Germany: Activists Lobby to Keep Aldi in Gentrified Community

A protest against the decision to cancel Aldi’s contract at a market hall in the Kreuzberg district in Berlin, Germany, drew more than 400 people, according to a story in The Guardian.

Markthalle Neun, a market hall dating to the 1800s, has been renewed and populated with boutique shops and artisanal food during the past several years. The market announced in February that it planned to cancel Aldi’s contract, kicking out the low-cost grocery store chain.

During a protest recently, hundreds of people waved signs saying things like: “Don’t mess with the [neighborhood].” Residents call the market a “luxury food porn hall.”

“We were more than a bit [surprised] there was such a large reaction,” Florian Niedermeier, co-owner of Markthalle Neun, said in The Guardian. “The departure of Aldi and other discounters was part of our plan from the beginning, and back then it was discussed a lot with residents.”

Residents are feeling the financial pinch that comes with gentrification, though. Rent went up 9.1% just in the past year. Flyers posted around the district state: “We cannot afford the rich here.” Groups against gentrification state there is a lack of affordable family housing in addition to rising costs.

The market opened in 2011 and seeks to support small-scale, sustainable producers. Vendors sell craft beer, regional cheese, organic wine, handmade pasta, tofu made on site, organic ice cream, and barbecue. Burgers sells for €8 each, and a bottle of craft beer runs around €4.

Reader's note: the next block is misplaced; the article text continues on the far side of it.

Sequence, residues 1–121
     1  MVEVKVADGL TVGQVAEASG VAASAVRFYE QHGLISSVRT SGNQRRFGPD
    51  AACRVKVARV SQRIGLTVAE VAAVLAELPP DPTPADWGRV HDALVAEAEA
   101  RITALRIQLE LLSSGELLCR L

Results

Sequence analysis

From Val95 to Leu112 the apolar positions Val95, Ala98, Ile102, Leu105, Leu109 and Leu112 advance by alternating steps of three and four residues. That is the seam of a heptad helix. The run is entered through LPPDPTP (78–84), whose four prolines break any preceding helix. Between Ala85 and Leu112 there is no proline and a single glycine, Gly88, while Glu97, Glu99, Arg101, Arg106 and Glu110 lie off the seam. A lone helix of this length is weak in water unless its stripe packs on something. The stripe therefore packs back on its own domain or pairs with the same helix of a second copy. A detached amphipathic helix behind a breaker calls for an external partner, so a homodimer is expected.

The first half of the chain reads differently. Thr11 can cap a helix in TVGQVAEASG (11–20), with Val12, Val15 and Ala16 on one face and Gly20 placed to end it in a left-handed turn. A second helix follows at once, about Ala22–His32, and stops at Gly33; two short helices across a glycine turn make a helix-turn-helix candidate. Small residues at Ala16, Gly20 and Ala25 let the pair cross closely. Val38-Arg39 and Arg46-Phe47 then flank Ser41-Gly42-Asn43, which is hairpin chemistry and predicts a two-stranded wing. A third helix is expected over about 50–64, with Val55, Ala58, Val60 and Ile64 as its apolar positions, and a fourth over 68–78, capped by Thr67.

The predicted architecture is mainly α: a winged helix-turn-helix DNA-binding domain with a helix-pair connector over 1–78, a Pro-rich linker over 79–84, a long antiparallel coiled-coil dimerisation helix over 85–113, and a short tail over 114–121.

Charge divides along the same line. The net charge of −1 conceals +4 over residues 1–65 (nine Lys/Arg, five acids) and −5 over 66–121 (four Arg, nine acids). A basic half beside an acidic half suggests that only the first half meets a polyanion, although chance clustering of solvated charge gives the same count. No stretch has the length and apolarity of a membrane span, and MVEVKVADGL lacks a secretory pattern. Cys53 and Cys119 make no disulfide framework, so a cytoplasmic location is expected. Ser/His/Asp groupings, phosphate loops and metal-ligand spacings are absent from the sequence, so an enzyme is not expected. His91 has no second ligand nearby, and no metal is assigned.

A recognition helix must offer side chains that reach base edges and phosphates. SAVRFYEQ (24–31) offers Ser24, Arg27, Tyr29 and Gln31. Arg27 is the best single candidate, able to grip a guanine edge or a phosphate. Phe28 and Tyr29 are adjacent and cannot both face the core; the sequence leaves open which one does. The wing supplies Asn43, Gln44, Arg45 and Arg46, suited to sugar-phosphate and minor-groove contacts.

Meanwhile the families of 40% of children in Kreuzberg get state assistance, and the welfare allowance to feed a 5-year-old child is less than €3 a day, according to The Guardian.

Activist Andreas Wildfang says a croissant at the market costs more than €1.50, but Aldi’s croissants are €0.40.

“Of course I am not advocating for Aldi [specifically], but for a market hall with basic groceries that fit residents’ budgets,” Wildfang told The Guardian. “You can say the situation is ironic, but it’s not ironic when you have damn little money.”

Zeit Online remarks that Aldi is a profitable company with more than 4,000 stores just in Germany, and therefore it hardly needs any help or encouragement, but residents who struggle financially do not look forward to the loss of the discount grocer.

Some of Berlin’s restaurant operators and foodies have criticized the protesters on social media, expressing concern for farmers and food producers who are exploited through low prices.

Hendrick Haase, who founded Kumpel & Keule butcher shop at the market, tweeted, “We have to talk about why many parts of our society cannot afford food at a real price, not how to keep those alive who practice price dumping.”

Markthalle Neun also states on its website that there are other discount supermarkets within a 2-kilometer radius.

Source: The Guardian, Zeit Online, and Merkur

About Rachael

Rachael is a freelance writer and editor. You can read more of her work at www.rachaelsjohnston.com.

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